Security | Threat Detection | Cyberattacks | DevSecOps | Compliance


What You Need to Know About the NIST Cybersecurity Framework 2.0

Ten years ago, the National Institute of Standards and Technology (NIST) released the Cybersecurity Framework (CSF) 1.0 following an Executive Order from President Obama to help companies and governments facing cybersecurity attacks. In 2014, data breaches were escalating. Major Fortune 500 companies and household names, such as Target, Yahoo, 7-11, Visa, and more, experienced heaps of customer data theft, online fraud and attacks from malware.

How CMMC Will Improve Your Cybersecurity Posture

In the ever-evolving landscape of cybersecurity, safeguarding critical data from unauthorized access is paramount. Our recent webinar, “Shut the Front Door,” provided invaluable insights aimed at business leaders, operations executives, and IT managers within the government contracting community, emphasizing the necessity of robust access control measures and adherence to regulations like the FAR, DFARS, and NIST 800-171.

NIST CSF 2.0 - SDLC for Continuous Improvement of Security

This is an analysis of the impacts and implications on cybersecurity practices, benefits, challenges, and how to deal with the transition to the new NIST CSF 2.0 framework. NIST released an update to its Cyber Security Framework (CSF) in February 2024. Two of the most obvious takeaways from this version are the addition of a new pillar and the expansion of its application beyond critical infrastructure.

SSDF BSIMM mapping updated for BSIMM14

In early March 2024, the U.S. Department of Homeland Security’s Cybersecurity and Infrastructure Security Agency (CISA) released its final Secure Software Development Attestation Form instructions, sparking a renewed urgency around understanding and complying with 31 of the 42 tasks in NIST SP 800-218 Secure Software Development Framework (SSDF) version 1.1.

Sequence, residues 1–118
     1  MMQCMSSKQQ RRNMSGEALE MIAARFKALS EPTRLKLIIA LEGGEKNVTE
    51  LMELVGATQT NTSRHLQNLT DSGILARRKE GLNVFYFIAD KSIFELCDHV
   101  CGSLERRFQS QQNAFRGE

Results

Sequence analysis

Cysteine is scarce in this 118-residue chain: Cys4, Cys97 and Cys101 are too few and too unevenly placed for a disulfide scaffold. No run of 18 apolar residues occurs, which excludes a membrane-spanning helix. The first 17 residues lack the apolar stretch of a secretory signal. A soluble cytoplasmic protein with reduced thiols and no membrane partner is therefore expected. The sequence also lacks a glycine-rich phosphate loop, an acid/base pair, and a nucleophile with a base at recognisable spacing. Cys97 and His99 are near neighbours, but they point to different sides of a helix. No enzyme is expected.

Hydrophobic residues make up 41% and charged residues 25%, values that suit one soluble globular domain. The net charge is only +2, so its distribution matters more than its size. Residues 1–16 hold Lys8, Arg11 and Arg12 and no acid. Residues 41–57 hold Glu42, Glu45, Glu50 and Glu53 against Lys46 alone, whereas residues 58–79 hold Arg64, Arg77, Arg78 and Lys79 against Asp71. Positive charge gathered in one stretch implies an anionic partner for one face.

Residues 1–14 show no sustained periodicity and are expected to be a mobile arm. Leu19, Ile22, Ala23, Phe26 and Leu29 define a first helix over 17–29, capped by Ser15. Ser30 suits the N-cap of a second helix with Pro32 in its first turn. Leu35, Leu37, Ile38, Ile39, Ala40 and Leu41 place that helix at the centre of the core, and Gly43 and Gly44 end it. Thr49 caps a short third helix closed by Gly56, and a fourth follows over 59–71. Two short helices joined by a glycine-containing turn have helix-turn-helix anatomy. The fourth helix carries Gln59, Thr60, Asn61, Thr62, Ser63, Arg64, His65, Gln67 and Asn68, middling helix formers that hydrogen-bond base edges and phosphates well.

DFARS 7012 Class Deviation and NIST 800-171 Rev 3 Guidance for DIBs

NIST 800-171 revision 3 was released on May 14, 2024, prompting DoD to issue an indefinite class deviation for DFARS 252.204-7012, Safeguarding Covered Defense Information and Cyber Incident Reporting (DFARS 7012). US Defense Industrial Base (DIB) contractors must now comply with NIST SP 800-171 revision 2 rather than the version in effect at the time the solicitation is issued, as was previously required.

Making Data Integrity Easy: Simplifying NIST CSF with Tripwire

When you think of the cybersecurity "CIA" triad of Confidentiality, Integrity, and Availability, which one of those is most important to your organization? While the answer may vary by season for your organization, there is no argument that they are all equally vital sides of that CIA triangle, and each deserves the correct level of care and attention.

Compliance, collaboration, and communication: The benefits of NIST CSF 2.0

As regulatory mandates and frameworks continue to emerge, cybersecurity leaders must continue to adapt to more than just the latest threat actor tactics, techniques, and procedures. As part of our ongoing webinar series centered on compliance, SecurityScorecard’s Senior Product Marketing Manager, Devaney Devoe, moderated a discussion with Adam Bixler (Principal, Squadra Ventures), Christopher Strand (SecurityScorecard’s Global Risk Officer), and Steve Cobb (CISO, SecurityScorecard).

NIST CSF 2.0: A Deeper Dive into Middle-Earth

Sequels, bah! Usually, they are never as good as the first. Do not even speak of prequels! This is less of a sequel, and rather should be considered a continuation of the first blog. In line with the original blog, there will be a few references to Tolkien’s Lord of the Rings. So, without further ado, you have my sword, and you have my bow, and my axe, or, at the very least, some of my NIST CSF 2.0 insights.